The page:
The Return [Blu-ray]
Blu-ray A - America - Kino Lorber
Review written by and copyright: Eric Cotenas (12th July 2018).
The Film

Golden Globe (Best Foreign Language Film): Russia (nominated) - Golden Globes, 2004
César (Best Foreign Film): Andrey Zvyagintsev (nominated) - César Awards, 2004
Golden Eagle (Best Feature Film): Andrey Zvyagintsev and Dmitriy Lesnevskiy (winner), (Best Cinematography): Mikhail Krichman (winner),(Best Sound): Andrey Khudyakov (winner),(Best Director): Andrey Zvyagintsev (nominated), and (Best Film Editing): Vladimir Mogilevskiy (nominated) - Golden Eagle Awards, 2004
'CinemAvvenire' Award (Best First Film): Andrey Zvyagintsev (winner), Golden Lion: Andrey Zvyagintsev (winner), Luigi De Laurentiis Award: Andrey Zvyagintsev (winner), SIGNIS Award: Andrey Zvyagintsev (winner), and Sergio Trasatti Award: Andrey Zvyagintsev (winner) - Venice Film Festival, 2003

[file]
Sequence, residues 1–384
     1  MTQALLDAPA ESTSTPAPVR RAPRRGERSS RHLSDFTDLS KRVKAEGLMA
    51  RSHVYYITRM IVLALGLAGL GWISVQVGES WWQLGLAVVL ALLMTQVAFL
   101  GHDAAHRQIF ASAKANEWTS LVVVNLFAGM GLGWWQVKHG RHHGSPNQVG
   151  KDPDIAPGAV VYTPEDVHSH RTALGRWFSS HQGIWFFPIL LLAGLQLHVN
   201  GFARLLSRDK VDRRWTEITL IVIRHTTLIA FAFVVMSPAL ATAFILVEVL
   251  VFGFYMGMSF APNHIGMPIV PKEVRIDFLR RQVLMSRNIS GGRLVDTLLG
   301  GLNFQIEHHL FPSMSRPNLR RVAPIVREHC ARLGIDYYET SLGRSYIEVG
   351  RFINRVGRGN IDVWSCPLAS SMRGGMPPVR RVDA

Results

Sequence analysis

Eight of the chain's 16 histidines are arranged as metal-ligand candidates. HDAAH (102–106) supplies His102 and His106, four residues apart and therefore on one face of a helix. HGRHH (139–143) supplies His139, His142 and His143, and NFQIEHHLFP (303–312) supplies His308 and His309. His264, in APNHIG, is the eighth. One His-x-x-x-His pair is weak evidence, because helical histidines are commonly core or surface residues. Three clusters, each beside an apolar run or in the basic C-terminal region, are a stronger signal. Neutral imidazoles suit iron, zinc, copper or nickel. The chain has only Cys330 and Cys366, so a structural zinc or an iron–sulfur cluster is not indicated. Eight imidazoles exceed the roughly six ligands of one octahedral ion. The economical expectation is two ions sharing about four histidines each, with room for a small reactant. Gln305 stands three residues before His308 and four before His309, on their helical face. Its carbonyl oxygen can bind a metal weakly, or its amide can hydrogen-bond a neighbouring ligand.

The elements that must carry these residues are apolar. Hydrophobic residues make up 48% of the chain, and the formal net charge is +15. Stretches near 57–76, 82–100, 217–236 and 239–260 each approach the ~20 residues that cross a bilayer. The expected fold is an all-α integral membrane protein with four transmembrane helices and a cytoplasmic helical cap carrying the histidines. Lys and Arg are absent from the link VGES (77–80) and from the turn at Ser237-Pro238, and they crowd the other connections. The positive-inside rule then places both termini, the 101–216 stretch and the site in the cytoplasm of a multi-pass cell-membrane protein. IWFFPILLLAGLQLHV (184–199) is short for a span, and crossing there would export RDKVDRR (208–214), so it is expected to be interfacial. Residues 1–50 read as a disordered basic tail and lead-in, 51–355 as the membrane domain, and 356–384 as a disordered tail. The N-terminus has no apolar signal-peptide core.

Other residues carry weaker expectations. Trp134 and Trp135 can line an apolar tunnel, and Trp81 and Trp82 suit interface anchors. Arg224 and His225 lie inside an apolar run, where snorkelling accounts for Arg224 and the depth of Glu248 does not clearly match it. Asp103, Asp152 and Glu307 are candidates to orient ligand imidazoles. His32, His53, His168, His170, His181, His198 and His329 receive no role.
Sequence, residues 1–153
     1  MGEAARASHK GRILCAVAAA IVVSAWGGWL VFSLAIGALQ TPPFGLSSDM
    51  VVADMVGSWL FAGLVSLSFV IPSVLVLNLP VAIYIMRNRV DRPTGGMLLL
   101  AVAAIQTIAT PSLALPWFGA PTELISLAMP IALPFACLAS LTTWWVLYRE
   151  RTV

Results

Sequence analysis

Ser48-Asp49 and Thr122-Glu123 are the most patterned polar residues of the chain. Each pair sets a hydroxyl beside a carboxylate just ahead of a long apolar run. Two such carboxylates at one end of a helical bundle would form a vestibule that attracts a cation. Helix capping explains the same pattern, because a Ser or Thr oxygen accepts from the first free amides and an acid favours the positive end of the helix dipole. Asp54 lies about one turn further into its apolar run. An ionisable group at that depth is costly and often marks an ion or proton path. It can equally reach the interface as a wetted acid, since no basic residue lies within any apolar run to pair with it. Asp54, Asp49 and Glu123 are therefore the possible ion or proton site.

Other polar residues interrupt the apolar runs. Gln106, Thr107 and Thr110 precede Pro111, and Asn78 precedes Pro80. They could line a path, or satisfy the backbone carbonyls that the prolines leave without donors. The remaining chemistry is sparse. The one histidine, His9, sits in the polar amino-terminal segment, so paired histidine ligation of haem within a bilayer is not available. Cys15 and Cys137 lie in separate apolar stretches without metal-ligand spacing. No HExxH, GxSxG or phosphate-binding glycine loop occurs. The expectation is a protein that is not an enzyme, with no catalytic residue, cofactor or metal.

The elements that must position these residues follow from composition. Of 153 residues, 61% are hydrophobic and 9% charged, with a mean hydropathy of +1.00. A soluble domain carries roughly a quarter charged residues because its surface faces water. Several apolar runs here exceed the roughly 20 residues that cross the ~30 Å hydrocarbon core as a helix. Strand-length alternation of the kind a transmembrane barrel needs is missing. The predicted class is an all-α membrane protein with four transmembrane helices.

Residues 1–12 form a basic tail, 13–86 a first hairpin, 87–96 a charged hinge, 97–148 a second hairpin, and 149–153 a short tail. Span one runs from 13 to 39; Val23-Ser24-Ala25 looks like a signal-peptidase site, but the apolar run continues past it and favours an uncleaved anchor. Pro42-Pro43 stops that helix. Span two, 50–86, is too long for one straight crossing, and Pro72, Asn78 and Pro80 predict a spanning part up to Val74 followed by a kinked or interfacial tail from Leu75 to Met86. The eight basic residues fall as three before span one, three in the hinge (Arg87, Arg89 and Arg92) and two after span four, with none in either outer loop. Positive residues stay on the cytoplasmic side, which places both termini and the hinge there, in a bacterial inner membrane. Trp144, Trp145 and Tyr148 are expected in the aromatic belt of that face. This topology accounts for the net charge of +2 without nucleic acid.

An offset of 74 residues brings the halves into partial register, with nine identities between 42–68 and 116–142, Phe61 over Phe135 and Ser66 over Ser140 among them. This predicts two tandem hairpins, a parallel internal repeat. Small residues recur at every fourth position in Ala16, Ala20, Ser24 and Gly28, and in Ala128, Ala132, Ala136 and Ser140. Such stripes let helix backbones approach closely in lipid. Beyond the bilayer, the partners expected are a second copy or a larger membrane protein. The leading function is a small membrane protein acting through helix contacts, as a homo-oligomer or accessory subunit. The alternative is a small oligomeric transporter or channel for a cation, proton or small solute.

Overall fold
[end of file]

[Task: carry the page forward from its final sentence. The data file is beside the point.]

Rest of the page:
Growing up without a father, brothers Andrey (Vladimir Garin) and Ivan (Elena's Ivan Dobronravov) have always been close in spite of the usual threats to their bond from peer pressure and the slight difference in their ages which is becoming more of a gulf as both get older. One day, the pair return home from playing with friends to learn from their mother (Nataliya Vdovina) that their father (The Banishment's Konstantin Lavronenko) has returned after a twelve year absence. Relations are understandably strained, at least to the children since the father seems to expect that they treat him as such while there mother and grandmother (Galina Popova) seem more withdrawn than submissive. The father announces his intention to take the boys on a fishing trip which excites the brothers who plan to chronicle the trip with photographs and a shared journal. While Andrey seems eager to please his father, Ivan grows increasingly resentful at his father's gruff manner and dismissive responses to questions about where he has been for over a decade (no longer buying his mother's story that their father is a pilot who has come by while on vacation). Ivan tests his boundaries with his father and grows increasingly hostile when Andrey's overcompensating goes unrewarded with any display of kindness. When Andrey is robbed of his father's wallet by a local kid and fails to give chase, his father nabs the boy and orders both Andrey and Ivan to strike him. When neither will do it, the father seems more proud of the thief for having the guts he accuses them of lacking. When their father abruptly cancels the trip and tells them to catch a bus home, he seems to conform to Ivan's low expectations only to reverse his decision and inform them that he is taking them on an extended trip to an island off the coast. The increasing tension between Ivan and his father spills over into the relationship between the brothers when the three are isolated on an island and open defiance provokes violence.